Italian law imposes on resident individuals and juridical entities the obligation to disclose assets owned abroad.
With the stated intent of facilitating and inducing the regularization by interested parties of foreign owned assets, the Italian authorities passed Law no. 1642 of December 4, 2014 generally known as “Voluntary Disclosure”. In general terms, the Law is meant to allow resident individuals and juridical entities to regularize their tax situation in respect of undisclosed foreign holdings against the disclosure of these holdings to the Italian tax authorities and the payment of any taxes due together with fines at a reduced rate. In exchange possible criminal sanctions linked to the legal violations are meant to be dropped.
The Law is effective from January 1, 2015 and there is a September 30, 2015 deadline for adhering to the procedure.
The Law was in discussion for many months before it was finally adopted in December and expectations were high that the measure would be truly beneficial to taxpayers. Unfortunately, this has not been the case.
The text, as promulgated, is vague and complicated with no clear procedural indications or instructions. No enabling regulations were issued with the Law and professionals are scrambling to figure out exactly what it means and what is covers.
What is clear is that an individual or legal entity deciding to adhere to the procedure must disclose all foreign-owned assets in respect of which it is necessary to reconstruct and document the entire history (each and every movement on the account) over at least the past four years. Only after having examined this evidence, assuming one is in a position to provide it, will the tax authorities confirm that a particular taxpayer is eligible to benefit from the procedure. In case the authorities should decide that the procedure is not available, the taxpayer will be considered liable to all civil and criminal penalties in respect of the violations “voluntarily” disclosed. In fact, one author has even preferred to speak of “involuntary exposure” in our case.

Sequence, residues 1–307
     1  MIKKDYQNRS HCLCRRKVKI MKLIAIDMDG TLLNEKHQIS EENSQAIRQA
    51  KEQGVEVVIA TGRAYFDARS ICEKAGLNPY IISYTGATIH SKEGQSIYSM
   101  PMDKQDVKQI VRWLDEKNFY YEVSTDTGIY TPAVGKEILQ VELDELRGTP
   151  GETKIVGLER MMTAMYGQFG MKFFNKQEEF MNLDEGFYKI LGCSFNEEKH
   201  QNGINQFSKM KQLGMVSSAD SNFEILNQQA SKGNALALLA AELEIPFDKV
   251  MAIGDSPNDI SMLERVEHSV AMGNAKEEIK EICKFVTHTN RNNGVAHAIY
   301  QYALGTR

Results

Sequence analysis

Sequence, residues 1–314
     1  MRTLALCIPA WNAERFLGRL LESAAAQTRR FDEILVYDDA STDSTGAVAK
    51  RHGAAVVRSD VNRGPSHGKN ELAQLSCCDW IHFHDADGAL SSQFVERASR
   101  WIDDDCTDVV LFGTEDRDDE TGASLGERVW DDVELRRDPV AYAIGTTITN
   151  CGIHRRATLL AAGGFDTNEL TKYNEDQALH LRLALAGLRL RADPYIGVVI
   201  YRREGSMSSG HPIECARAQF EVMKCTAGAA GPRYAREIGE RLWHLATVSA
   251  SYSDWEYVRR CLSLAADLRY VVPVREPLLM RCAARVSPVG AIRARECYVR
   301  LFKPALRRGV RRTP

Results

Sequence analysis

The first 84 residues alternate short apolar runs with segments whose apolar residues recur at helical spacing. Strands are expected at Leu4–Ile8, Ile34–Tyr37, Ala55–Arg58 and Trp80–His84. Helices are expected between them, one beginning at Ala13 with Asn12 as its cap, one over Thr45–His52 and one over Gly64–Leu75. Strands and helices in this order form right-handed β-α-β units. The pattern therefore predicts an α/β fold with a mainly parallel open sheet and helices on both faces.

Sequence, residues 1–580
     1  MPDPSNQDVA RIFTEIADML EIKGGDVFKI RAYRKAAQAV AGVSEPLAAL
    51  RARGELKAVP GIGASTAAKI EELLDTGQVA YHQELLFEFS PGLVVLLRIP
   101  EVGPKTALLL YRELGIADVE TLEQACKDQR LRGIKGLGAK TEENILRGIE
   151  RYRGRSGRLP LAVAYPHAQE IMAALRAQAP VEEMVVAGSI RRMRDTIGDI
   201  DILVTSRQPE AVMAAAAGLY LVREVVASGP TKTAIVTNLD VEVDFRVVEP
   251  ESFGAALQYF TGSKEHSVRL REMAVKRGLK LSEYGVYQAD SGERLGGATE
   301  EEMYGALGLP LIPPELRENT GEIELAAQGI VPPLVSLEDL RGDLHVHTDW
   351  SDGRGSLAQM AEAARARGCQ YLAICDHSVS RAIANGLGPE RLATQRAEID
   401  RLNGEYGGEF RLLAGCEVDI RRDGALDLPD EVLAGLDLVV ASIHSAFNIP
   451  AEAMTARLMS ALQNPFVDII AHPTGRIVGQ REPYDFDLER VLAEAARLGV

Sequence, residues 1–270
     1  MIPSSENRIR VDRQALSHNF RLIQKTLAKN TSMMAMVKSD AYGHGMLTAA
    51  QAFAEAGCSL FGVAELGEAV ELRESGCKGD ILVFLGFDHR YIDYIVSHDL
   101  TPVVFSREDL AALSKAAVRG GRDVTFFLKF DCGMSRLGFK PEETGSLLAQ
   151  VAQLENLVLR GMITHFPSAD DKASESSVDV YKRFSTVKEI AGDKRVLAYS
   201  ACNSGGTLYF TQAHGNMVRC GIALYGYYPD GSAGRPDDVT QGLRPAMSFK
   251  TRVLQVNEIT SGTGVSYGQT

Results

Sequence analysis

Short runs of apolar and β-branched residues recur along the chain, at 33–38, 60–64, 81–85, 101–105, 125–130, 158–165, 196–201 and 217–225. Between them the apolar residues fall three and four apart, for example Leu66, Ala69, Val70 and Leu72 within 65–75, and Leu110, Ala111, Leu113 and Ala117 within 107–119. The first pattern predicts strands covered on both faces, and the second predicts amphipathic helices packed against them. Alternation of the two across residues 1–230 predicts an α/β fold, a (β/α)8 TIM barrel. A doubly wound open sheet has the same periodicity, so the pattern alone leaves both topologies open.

Even where the procedure is clearly available, the simulations of the amounts that would be due are such as to make the law counterproductive: in some cases it would be necessary to pay up to 90% of the amounts disclosed!
This being said, each case must be examined on its merits and there may be cases where this procedure could be advantageous. Civilly Recognized Ecclesiastical Entities (e.g., a “Casa Generalizia”) are, on their face, eligible to benefit from this procedure but a decision can be taken only with the assistance of a serious tax advisor with expertise in this question.
Whether or not one adheres to “Voluntary Disclosure”, the obligation to disclose foreign assets remains and it will become unavoidable when the decisions of the 2014 OECD Global Forum on Transparency and Exchange of Information for Tax Purposes come into full force on January 1, 2018 with respect to 2017.
You should not wait to put these questions in order in time to meet this deadline.
Please feel free to contact us by e-mail or call us at +39 06 3671 2232 in case you wish to discuss this issue in further detail.
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